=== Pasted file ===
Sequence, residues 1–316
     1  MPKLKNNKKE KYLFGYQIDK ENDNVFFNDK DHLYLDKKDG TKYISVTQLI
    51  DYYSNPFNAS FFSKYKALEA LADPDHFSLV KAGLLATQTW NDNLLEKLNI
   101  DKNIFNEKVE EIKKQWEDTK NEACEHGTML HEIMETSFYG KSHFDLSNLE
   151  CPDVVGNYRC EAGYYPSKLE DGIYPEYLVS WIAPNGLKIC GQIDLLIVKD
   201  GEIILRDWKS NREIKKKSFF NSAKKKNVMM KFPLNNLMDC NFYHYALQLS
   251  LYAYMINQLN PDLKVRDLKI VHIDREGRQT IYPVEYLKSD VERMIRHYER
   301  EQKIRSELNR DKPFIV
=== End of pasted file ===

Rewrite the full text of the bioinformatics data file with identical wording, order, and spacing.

Sequence, residues 1–316
     1  MPKLKNNKKE KYLFGYQIDK ENDNVFFNDK DHLYLDKKDG TKYISVTQLI
    51  DYYSNPFNAS FFSKYKALEA LADPDHFSLV KAGLLATQTW NDNLLEKLNI
   101  DKNIFNEKVE EIKKQWEDTK NEACEHGTML HEIMETSFYG KSHFDLSNLE
   151  CPDVVGNYRC EAGYYPSKLE DGIYPEYLVS WIAPNGLKIC GQIDLLIVKD
   201  GEIILRDWKS NREIKKKSFF NSAKKKNVMM KFPLNNLMDC NFYHYALQLS
   251  LYAYMINQLN PDLKVRDLKI VHIDREGRQT IYPVEYLKSD VERMIRHYER
   301  EQKIRSELNR DKPFIV